What's better about Ruby than Python?

Hans Nowak hans at zephyrfalcon.org
Thu Aug 21 04:35:57 CEST 2003

Doug Tolton wrote:

> I just don't find that argument compelling.  By that logic we should
> write the most restrictive language possible on the most restrictive
> platform possible (ie VB on Windows) because allowing choice is
> clearly a bad thing.
> Don't introduce a feature because it would be so cool that everyone
> would use it?  That's just plain weird.

The problem is that a macro system that is too powerful can be harmful.

Let's say you write a useful module.  Python 3.6 just added a very powerful 
macro system, and you use it to, say, write functions with lazy evaluation,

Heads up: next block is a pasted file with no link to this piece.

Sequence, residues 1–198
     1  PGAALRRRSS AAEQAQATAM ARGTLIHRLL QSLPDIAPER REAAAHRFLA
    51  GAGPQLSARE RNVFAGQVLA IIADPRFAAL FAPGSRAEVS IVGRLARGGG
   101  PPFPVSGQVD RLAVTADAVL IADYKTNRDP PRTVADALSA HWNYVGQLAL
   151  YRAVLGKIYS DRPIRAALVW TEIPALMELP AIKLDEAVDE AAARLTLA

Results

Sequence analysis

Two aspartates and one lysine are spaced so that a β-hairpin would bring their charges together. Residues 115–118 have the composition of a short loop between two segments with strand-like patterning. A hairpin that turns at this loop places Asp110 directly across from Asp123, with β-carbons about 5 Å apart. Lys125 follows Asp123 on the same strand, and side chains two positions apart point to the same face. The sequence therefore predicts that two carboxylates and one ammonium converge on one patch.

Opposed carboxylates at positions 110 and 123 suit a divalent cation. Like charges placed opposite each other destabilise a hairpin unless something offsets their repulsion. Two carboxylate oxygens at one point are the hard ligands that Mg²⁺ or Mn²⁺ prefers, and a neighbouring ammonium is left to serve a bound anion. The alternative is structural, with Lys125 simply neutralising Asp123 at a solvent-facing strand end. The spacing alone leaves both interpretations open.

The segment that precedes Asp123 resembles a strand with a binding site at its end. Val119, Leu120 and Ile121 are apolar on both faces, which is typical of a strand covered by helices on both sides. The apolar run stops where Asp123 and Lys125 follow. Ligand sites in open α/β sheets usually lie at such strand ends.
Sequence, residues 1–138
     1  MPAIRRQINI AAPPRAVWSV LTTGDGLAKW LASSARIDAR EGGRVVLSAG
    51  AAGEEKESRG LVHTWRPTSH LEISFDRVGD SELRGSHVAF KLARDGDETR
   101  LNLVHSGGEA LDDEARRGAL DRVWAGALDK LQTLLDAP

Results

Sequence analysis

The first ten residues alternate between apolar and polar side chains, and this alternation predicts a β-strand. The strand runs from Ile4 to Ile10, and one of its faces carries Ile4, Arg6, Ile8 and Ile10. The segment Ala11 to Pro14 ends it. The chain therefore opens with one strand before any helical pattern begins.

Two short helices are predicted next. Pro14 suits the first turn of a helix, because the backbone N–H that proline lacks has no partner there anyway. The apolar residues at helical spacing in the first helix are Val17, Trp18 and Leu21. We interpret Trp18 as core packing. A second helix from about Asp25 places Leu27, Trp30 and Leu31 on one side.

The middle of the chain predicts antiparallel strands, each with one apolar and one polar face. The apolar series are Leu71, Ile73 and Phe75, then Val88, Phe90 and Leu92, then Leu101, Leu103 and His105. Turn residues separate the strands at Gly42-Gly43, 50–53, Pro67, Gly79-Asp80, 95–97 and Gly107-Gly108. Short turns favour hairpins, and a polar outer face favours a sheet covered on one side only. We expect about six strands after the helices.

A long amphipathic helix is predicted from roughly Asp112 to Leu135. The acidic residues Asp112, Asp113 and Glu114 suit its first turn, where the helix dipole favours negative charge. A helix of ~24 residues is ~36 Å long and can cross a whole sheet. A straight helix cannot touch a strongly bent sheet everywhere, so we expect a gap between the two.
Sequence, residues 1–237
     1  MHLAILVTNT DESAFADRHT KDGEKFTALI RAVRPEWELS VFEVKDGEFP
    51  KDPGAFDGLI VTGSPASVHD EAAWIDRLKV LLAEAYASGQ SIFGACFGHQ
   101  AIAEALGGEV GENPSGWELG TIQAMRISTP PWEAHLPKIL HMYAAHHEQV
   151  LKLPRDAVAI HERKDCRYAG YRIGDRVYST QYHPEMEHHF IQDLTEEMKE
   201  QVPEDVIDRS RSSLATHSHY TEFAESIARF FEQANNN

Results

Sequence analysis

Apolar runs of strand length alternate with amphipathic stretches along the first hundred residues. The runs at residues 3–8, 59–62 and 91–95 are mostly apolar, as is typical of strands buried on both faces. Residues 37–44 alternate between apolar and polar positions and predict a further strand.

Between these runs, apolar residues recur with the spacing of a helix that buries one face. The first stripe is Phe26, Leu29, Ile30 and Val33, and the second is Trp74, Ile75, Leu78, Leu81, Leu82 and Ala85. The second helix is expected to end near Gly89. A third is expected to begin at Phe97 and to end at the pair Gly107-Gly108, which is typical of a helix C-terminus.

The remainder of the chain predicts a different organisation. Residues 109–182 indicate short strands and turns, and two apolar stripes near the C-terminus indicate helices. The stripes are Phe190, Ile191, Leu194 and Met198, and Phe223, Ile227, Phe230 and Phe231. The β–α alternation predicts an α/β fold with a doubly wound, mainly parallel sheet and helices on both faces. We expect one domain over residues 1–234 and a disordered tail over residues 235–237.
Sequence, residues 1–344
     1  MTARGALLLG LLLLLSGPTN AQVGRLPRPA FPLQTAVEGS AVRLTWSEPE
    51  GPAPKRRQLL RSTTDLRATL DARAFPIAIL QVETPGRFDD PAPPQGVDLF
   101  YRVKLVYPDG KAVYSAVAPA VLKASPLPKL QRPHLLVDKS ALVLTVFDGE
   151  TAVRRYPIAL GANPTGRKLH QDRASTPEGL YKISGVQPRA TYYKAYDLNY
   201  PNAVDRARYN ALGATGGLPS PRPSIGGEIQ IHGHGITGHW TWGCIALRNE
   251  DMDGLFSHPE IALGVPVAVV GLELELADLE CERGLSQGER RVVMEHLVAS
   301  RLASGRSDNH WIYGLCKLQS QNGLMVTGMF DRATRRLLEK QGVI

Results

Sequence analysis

make strings mutable, and write your own flavor of the for-loop.  Now I cannot 
read your code anymore.  A simple function call, or a loop, does not mean what 
it used to mean.

One of Python's strengths is that you can create powerful abstractions with 
functions and classes.  But no matter what you do with these, they will always 
be functions and classes that adhere to some common language rules.  There is 
no way to go "over the top" and change the language proper.  Right now I can 
read everybody's Python code (unless deliberately obfuscated); this would 
change if there were macros that were so powerful that they would change 
language constructs, or allow new ones.  Maybe they would make your problesm 
easier to solve, but Python itself would lose in the long run.

My $0.02,

Hans (hans at zephyrfalcon.org)

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